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A curve $S$ with polar equation $r=a\cos{(n\theta)}+b$ is inscribed in a regular n-gon with side length $1$. $S$ touches the midpoint of each side of the n-gon. $S$ has the same perimeter as the n-gon.

Example with $n=6$:

Curve inscribed in regular n-gon

I want to evaluate $\lim_{n\to\infty}(\text{Area of $n$-gon}-\text{Area enclosed by }S)$.

Context:
I know that if a circle is inscribed in a regular n-gon with side length $1$, the difference in areas approaches $\dfrac{\pi}{12}$ as $n\to\infty$. Then I wondered, if we replace the circle with a particular curve that has the same perimeter as the n-gon, what would the difference in areas approach?

My attempt:
$$r_\text{max}=a+b=\frac{1}{2}\cot{\left(\frac{\pi}{n}\right)}\implies b=\frac{1}{2}\cot{\left(\frac{\pi}{n}\right)}-a$$

Setting the perimeters equal, we have $$\int_{0}^{2\pi}\sqrt{\left(a\cos{(n\theta)}+\frac{1}{2}\cot{\left(\frac{\pi}{n}\right)}-a\right)^2+\left(-an\sin{(n\theta)}\right)^2}\,d\theta=n.$$

Then I tried unsuccessfully to express $a$ in terms of $n$, so that I could use that to evaluate the limit:

$$\lim_{n\to\infty}(\text{Area of $n$-gon}-\text{Area enclosed by }S)$$ $$=\lim_{n\to\infty}\left(\frac{n}{4}\cot{\left(\frac{\pi}{n}\right)}-\frac{1}{2}\int_{0}^{2\pi}\left(a\cos{(n\theta)}+\frac{1}{2}\cot{\left(\frac{\pi}{n}\right)}-a\right)^2\text{d}\theta\right)=\text{ ?}$$

Playing with desmos, it seems that $a\to\dfrac{0.977...}{n}$ as $n\to\infty, $ and the limit is approximately $1.24$.

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  • $\begingroup$ How can it be? > I know that if a circle is inscribed in a regular n-gon with side length $1$, the difference in areas approaches $\dfrac{\pi}{12}$ as $n\to\infty$. $\endgroup$ May 31, 2022 at 13:27
  • $\begingroup$ @IvanKaznacheyeu It can be, because the area of the $n$-gon tends to $\infty$. $\endgroup$ May 31, 2022 at 13:48
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    $\begingroup$ OK, I've lost the point in constant side length $\endgroup$ May 31, 2022 at 13:49

1 Answer 1

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The perimeter equation can be rewritten (letting $t=n\theta$) as: $$ \int_{0}^{2\pi n}\sqrt{\left(a\cos{t}+\frac{1}{2}\cot\frac{\pi}{n}-a\right)^2+(an)^2\sin^2{t}}\,{dt\over n}=n. $$

We can expand the integrand as a power series in $n$, retaining for $a$ only the leading term in the expansion: $a= k/n$, where $k$ is a positive constant. The result is: $$ \sqrt{\left(a\cos{t}+\frac{1}{2}\cot\frac{\pi}{n}-a\right)^2+(an)^2\sin^2{t}}= \frac{n}{2 \pi }+\frac{\pi k^2 \sin ^2(t)+k \cos (t)-k-\frac{\pi }{6}}{n}+O\left(\frac{1}{n^3}\right). $$ We can then insert this into the equation, dropping the last term. We get: $$ n^2+\pi^2 k^2 -2\pi\left(k+\frac{\pi}{6}\right)=n^2. $$ The $n^2$ terms cancel out and we can solve the equation for $k$: $$ k={1+\sqrt{1+\pi^2/3}\over\pi}\approx 0.977593. $$ Finally, we can compute the last limit setting $a=k/n$: $$ \lim_{n\to\infty}(\text{Area of $n$-gon}-\text{Area enclosed by }S)=k+{\pi\over12}. $$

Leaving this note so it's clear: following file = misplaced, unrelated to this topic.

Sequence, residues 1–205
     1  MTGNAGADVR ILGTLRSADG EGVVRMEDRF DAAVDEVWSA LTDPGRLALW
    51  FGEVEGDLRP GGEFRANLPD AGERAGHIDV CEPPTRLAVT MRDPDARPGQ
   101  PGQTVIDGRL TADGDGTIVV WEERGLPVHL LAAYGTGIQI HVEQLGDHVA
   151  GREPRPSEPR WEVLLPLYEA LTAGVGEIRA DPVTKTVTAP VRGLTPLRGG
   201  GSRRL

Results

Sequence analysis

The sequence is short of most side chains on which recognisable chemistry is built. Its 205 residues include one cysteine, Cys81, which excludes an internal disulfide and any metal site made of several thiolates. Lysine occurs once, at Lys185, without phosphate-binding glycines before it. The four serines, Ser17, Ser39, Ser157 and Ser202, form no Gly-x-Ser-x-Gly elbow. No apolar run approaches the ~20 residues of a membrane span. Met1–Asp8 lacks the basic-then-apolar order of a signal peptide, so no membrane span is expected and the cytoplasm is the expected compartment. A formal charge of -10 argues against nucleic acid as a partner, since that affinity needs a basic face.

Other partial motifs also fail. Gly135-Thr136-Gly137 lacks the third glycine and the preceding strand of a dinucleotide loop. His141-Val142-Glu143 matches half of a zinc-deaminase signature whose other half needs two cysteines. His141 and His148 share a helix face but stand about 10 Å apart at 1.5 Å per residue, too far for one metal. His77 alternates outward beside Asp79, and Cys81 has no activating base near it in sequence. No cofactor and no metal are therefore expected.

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  • $\begingroup$ Nice, but how can we justify that $a\sim \frac{k}{n}$? $\endgroup$
    – Dan
    May 29, 2022 at 4:29
  • $\begingroup$ @Dan That is just the first term in the expansion of $a$ in powers of $1/n$. You could go on and find the other terms as well, if needed. $\endgroup$ May 29, 2022 at 6:31
  • $\begingroup$ @Dan I edited my answer to make that clear. $\endgroup$ May 29, 2022 at 10:02
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    $\begingroup$ Thanks, I get it now. By the way, if we change the n-gon to a circle with circumference n, then $\lim_{n\to\infty}(\text{Area of circle}-\text{Area enclosed by }S)=\dfrac{2}{\pi}$. I proved this using the method in your answer. $\endgroup$
    – Dan
    May 29, 2022 at 10:17

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